Volkswagen Shares Dive on New Emissions Woes
VW says widening emissions-testing scandal could affect about 800,000 more cars, bringing in gasoline-powered vehicles
By William Boston
Nov. 4, 2015
Shares in Volkswagen AG plunged Wednesday after the car maker said its emissions-testing scandal had widened beyond what was previously disclosed, now encompassing a broader set of infractions that could affect about 800,000 more cars and cost it at least an extra $2 billion.
Shares were down 8.4% just after the market opened.
The German auto maker said Tuesday it understated the level of carbon-dioxide emissions of the additional cars when providing information to regulators. Some of these cars were gasoline-powered, Volkswagen said, moving the violations beyond the company's diesel fleet for the first time.
Volkswagen disclosed the error after conducting its own emissions tests. The report is a fresh blow after VW's admission in September  that up to 11 million diesel-powered vehicles world-wide could have so-called defeat devices that lowered tailpipe emissions of nitrogen oxides during laboratory testing.
Volkswagen initiated an internal investigation after saying that some diesel-powered cars of model years between 2009 and 2015 used software that let them reduce nitrogen-oxide emissions during tests. U.S. and European authorities have begun regulatory and criminal investigations.
Tuesday's disclosure is the first to involve the greenhouse gas carbon dioxide, which has been a focus of both European and U.S. authorities over the past decade.
Since the first disclosures in September, VW has reshuffled top management  and suspended senior executives  in charge of engine development. The new team is scrutinizing the company's entire fleet of automobiles.
The Wolfsburg, Germany-based company's supervisory board said it was "deeply concerned" about the revelation VW misstated carbon-dioxide emissions in addition to cheating on nitrogen-oxide tests. The board said it intended to meet soon "to consult on further measures and consequences."
The company said it was in contact with regulatory agencies to determine steps needed to clarify the situation and to establish accurate values for the carbon-dioxide emissions of the affected vehicles.
"From the very beginning I set out to ensure that we mercilessly and completely clear up this situation," said Volkswagen Chief Executive Matthias Muller. "This is a painful process but there is no alternative."
Volkswagen, Europe's largest auto maker, gave no details about which vehicles or engines are affected by the misstated carbon-dioxide levels. Industry analysts said cars sold in Europe were likely most affected.
In providing an estimate of financial risk from its new disclosure--(EUR)2 billion, or $2.19 billion--VW didn't say how it reached the figure. Last week, it recorded a charge to earnings  of (EUR)6.7 billion to pay the costs of fixing diesel cars affected by software that could lower emissions during testing.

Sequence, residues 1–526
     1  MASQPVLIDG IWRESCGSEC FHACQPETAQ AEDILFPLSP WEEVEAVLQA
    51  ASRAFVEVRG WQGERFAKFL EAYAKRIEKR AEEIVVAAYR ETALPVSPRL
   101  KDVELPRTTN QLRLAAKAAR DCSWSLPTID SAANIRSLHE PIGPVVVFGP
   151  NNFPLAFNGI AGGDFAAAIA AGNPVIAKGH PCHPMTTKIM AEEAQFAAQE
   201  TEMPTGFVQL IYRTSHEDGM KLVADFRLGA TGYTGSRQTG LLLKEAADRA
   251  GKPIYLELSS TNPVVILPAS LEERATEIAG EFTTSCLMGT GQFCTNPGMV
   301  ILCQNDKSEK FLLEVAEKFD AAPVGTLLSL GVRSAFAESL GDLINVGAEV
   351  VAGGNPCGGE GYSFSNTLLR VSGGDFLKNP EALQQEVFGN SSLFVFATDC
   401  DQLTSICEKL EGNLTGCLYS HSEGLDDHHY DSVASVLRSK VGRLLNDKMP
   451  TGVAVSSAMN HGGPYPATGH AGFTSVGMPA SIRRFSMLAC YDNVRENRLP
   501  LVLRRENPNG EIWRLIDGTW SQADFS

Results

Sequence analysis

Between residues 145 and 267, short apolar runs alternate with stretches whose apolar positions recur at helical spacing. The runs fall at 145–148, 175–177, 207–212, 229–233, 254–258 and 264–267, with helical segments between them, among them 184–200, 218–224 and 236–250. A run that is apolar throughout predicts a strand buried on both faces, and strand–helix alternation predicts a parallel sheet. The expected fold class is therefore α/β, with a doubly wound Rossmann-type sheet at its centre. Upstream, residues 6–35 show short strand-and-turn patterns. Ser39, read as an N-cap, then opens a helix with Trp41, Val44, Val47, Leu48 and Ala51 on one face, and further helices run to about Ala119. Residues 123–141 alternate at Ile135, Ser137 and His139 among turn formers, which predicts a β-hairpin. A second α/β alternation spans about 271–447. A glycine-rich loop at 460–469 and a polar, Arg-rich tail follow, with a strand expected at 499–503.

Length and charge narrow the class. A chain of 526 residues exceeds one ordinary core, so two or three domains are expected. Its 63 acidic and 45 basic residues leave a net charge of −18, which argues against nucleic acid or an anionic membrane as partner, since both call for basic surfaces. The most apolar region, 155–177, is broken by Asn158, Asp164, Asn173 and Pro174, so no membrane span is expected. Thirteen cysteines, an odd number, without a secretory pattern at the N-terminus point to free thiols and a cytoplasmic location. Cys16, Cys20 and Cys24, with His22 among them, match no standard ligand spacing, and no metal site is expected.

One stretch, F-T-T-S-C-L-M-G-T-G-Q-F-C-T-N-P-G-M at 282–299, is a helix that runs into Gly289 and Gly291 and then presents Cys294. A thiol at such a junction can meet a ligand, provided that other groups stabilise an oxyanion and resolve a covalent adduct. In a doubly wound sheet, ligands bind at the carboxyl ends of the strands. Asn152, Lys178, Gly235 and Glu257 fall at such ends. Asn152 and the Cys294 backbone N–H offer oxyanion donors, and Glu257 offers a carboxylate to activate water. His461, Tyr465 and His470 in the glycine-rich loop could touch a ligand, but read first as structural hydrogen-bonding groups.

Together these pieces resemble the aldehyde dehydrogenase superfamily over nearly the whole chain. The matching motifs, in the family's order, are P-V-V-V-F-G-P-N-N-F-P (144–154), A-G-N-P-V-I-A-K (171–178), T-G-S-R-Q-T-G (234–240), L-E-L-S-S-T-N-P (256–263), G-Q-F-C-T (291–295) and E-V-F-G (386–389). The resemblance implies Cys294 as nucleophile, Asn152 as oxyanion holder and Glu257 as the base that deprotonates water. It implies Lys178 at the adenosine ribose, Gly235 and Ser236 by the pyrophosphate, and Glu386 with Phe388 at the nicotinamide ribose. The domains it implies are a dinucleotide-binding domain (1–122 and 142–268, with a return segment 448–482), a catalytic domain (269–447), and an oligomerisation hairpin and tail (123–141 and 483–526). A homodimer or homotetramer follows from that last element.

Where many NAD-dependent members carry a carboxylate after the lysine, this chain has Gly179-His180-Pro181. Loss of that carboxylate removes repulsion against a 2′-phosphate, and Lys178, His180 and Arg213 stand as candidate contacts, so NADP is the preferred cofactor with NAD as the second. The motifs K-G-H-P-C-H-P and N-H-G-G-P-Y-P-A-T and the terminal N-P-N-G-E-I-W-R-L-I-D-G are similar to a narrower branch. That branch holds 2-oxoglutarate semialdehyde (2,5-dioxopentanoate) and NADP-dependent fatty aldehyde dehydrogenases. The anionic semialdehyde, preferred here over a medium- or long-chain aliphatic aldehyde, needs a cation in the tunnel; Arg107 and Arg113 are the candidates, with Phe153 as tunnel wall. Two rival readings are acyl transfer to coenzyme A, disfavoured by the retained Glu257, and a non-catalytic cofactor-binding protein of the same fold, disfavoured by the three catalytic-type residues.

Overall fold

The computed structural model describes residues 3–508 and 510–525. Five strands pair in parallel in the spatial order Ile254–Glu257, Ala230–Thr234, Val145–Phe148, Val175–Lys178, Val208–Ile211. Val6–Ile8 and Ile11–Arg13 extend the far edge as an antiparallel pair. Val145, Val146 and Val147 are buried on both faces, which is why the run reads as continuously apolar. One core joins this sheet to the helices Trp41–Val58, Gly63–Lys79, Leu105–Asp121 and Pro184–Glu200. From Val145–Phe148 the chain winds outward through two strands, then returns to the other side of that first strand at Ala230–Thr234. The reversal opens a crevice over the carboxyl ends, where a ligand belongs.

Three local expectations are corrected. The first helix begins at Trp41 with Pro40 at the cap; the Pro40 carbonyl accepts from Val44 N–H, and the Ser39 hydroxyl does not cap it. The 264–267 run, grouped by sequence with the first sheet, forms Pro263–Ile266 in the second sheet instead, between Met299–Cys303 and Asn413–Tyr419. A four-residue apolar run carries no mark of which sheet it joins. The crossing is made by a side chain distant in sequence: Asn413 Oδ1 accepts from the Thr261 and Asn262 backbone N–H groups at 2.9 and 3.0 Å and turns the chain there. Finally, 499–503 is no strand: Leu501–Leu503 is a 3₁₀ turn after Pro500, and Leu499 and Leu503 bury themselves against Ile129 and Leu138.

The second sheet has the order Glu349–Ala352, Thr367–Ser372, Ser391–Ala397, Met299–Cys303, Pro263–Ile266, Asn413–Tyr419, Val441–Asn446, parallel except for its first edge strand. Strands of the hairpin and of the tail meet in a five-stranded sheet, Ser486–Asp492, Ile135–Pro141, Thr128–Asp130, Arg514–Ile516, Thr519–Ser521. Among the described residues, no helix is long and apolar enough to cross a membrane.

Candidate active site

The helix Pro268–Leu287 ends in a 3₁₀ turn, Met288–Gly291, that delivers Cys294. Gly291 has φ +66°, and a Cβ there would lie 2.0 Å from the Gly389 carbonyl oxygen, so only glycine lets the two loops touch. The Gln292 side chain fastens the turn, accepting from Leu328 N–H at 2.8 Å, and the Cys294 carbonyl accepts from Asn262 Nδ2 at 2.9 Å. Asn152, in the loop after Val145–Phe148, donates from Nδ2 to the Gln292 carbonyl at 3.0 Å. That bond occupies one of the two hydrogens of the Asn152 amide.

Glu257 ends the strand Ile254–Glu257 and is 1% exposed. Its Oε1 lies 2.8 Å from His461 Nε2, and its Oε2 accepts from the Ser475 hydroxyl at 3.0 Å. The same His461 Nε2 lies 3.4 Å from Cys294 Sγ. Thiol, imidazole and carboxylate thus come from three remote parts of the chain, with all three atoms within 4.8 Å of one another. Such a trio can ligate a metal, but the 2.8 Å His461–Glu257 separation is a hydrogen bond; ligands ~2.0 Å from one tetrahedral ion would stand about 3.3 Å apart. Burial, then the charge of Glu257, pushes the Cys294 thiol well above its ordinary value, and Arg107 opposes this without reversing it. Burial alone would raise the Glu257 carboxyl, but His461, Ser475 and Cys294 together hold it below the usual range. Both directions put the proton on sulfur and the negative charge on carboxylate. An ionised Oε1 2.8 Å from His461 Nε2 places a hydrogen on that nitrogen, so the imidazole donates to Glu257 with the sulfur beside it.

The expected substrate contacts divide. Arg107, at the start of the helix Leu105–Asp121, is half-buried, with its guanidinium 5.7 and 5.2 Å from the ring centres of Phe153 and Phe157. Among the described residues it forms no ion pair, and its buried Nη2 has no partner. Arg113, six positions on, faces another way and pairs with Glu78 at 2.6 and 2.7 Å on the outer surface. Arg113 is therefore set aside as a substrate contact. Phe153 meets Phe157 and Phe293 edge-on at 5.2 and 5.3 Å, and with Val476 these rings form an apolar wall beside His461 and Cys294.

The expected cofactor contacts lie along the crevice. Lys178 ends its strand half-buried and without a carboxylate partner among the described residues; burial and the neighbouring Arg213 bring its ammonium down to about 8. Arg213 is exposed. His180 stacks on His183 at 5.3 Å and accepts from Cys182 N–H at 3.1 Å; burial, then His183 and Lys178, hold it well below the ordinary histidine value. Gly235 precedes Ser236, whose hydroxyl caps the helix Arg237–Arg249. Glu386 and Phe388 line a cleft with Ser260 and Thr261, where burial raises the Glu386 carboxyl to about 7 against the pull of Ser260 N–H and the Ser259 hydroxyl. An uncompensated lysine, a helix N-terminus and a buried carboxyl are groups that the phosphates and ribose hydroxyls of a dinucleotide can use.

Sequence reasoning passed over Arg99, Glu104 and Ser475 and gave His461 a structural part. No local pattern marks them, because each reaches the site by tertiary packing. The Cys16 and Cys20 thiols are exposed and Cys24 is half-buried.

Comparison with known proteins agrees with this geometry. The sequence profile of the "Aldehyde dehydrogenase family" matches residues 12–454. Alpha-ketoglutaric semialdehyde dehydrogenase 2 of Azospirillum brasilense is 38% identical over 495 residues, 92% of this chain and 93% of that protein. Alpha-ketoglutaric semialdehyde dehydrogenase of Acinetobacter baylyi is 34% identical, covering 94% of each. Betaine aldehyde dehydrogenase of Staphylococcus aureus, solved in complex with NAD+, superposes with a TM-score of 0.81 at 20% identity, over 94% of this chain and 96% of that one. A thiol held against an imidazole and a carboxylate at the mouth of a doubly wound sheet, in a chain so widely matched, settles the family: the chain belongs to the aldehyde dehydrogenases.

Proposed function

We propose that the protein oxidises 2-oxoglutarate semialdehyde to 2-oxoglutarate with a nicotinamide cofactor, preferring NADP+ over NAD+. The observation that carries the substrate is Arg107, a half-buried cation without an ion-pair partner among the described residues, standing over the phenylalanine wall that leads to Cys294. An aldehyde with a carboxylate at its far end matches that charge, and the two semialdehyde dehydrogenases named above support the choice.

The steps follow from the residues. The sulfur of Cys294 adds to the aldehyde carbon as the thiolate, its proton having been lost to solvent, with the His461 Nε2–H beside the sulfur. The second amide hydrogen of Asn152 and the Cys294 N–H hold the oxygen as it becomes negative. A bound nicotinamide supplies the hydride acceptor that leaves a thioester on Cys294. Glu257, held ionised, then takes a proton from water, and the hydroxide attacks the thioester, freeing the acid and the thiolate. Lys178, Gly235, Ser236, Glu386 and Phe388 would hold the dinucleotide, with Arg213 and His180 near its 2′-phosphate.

"VW is leaving us speechless," said Arndt Ellinghorst, an automotive analyst at Evercore ISI, a research group.
Tuesday's disclosure came a day after the U.S. Environmental Protection Agency leveled new allegations. The EPA said it found defeat devices on 3.0-liter diesel engines used in larger sport-utility vehicles from against Volkswagen such as its Touraeg, Porsche Cayenne, Audi Q5 and Q7 SUVs and Audi A6 and A8 sedans. The agency said the vehicles it tested had nitrogen-oxide emissions up to nine times the allowable standard.
Volkswagen disputed the EPA's claims, saying it didn't install any emissions-cheating software on the engines used in these vehicles.
The auto maker disclosed the carbon dioxide misstatements after the close of trading in Germany.
Monday's allegations by the EPA hit Porsche, a Volkswagen sports-car brand and big profit center, for the first time. Mr. Muller previously ran Porsche, and the latest news raised questions of what he might have known about engines at Porsche.
Some investors in Europe sold shares on concern that the new EPA allegations could threaten Mr. Muller just over a month after he took charge  in the wake of Volkswagen's admission that it had cheated on emissions tests on millions of small and midsize diesel-powered vehicles.
That admission led to the resignation of Martin Winterkorn, the former CEO, and catapulted Mr. Muller from head of Porsche AG to chief of Volkswagen. Now, some analysts are asking whether an insider is the right person to lead Volkswagen out of the worst crisis in the company's 78-year history.
"The allegations are all the more serious given that VW's new CEO Matthias Muller came from Porsche and any hint of further deception could well see his position come under scrutiny," said Michael Hewson, chief market analyst at CMC Markets, a brokerage firm.
Mr. Muller became Porsche's chief in 2010. An insider, he was a protege of his predecessor and was liked by the Porsche-Piëch clan that controls Volkswagen's voting stock. He oversaw Volkswagen group product planning from 2007 to 2010.
"There was always a chance that Porsche and Audi would be directly or indirectly involved in the diesel saga," said David Buik, a market commentator at Panmure Gordon.
Volkswagen's diesel woes have kept investors on edge but seem to have had little effect on German consumers. Germany's motor vehicle agency reported Tuesday that registrations of new diesel-powered cars rose 6% in October.
"Diesel is a key technology for us," said Harald Kruger, BMW AG chief executive, during an earnings call on Tuesday. "At the moment, we are seeing no impact on sales from the diesel issue, but I must add that it is still early days."
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